Microscopic pigment structures and proteins that graced the feathers of a Cretaceous-age bird are still present in its 130-million-year-old fossil, a new study finds.
The results, which confirm the oldest evidence of the structural protein beta-keratin, show that molecules can survive in their original state for hundreds of millions of years without fossilizing, and that researchers can use modern techniques to identify them, the researchers said.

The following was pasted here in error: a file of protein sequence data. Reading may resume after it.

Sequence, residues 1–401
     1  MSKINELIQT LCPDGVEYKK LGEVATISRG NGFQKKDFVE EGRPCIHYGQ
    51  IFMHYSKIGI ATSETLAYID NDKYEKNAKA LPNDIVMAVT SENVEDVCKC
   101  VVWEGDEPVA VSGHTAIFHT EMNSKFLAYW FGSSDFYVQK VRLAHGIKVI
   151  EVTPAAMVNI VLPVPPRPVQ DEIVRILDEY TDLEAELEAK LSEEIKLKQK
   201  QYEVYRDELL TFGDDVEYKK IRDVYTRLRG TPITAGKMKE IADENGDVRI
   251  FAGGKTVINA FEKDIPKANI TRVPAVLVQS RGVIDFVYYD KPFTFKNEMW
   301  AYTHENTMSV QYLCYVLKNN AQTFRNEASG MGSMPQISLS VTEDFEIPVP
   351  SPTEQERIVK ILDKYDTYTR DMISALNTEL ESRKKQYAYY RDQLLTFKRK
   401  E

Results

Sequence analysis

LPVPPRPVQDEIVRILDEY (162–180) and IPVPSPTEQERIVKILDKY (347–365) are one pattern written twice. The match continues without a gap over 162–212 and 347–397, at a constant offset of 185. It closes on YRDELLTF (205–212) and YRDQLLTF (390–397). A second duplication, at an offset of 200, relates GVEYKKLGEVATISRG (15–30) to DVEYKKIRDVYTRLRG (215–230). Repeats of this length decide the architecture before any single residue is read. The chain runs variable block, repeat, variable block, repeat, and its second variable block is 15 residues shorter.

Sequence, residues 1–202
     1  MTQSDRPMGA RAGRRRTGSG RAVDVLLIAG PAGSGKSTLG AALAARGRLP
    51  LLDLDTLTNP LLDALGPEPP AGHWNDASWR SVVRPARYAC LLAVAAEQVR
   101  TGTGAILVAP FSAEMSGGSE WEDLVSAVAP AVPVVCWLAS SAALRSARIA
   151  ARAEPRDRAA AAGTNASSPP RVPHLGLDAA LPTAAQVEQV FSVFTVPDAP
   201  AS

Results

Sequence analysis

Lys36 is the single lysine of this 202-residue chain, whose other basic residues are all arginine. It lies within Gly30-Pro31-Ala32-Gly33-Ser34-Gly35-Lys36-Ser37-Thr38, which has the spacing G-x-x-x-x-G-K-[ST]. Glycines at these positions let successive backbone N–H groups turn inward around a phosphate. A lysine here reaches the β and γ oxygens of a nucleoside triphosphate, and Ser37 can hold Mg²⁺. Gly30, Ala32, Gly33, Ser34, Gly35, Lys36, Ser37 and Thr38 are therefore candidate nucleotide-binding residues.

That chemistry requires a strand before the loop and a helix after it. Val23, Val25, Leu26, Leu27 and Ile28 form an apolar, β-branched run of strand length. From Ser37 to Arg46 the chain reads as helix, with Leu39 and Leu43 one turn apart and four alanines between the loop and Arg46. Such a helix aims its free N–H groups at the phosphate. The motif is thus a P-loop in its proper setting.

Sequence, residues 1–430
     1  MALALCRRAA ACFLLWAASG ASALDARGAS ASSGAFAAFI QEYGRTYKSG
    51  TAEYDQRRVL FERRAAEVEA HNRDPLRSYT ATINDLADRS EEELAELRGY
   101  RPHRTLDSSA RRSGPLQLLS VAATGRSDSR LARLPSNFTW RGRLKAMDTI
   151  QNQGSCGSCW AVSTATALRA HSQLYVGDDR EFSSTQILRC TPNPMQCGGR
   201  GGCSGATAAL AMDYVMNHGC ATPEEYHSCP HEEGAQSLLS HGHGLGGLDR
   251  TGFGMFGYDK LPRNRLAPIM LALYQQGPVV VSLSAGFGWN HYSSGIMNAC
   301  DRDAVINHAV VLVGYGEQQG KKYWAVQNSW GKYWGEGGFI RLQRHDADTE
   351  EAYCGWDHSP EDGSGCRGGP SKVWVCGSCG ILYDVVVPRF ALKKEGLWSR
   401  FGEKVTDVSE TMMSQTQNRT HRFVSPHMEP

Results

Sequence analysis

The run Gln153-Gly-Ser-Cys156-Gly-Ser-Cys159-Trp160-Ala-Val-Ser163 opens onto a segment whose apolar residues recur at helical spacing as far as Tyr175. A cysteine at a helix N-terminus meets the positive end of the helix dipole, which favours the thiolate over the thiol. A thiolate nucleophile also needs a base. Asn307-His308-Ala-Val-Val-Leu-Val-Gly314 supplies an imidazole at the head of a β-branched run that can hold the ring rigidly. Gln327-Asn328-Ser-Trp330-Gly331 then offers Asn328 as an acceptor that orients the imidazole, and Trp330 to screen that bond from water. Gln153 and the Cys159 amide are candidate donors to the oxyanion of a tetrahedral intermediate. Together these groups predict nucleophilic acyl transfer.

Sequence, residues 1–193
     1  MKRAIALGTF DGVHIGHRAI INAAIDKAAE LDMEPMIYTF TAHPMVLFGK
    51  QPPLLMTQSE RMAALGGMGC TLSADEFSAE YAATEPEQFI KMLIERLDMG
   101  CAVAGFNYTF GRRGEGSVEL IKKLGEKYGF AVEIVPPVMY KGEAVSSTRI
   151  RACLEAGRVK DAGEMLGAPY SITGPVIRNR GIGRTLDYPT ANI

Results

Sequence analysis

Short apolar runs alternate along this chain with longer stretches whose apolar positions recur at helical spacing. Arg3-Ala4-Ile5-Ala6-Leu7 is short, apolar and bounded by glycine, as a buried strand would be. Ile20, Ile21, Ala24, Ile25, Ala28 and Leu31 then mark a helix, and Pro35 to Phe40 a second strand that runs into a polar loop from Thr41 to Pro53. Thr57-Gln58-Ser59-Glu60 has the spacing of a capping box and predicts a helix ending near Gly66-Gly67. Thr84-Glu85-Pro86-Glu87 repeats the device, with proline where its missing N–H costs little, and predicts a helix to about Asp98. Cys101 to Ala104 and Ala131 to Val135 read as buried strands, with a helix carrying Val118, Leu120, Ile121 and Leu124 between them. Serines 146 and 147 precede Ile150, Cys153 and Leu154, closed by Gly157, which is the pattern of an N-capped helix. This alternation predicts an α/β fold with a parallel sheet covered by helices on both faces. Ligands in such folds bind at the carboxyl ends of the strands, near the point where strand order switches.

The tiny and ancient structures were found on Eoconfuciusornis, a crow-size early bird that lived in what is now northern China during the early Cretaceous. Eoconfuciusornis is one of the first birds known to have a keratinous beak and no teeth. (Not all avian predecessors were toothless. For instance, Archaeopteryx, a transitional animal between dinosaurs and birds, had sharp teeth.)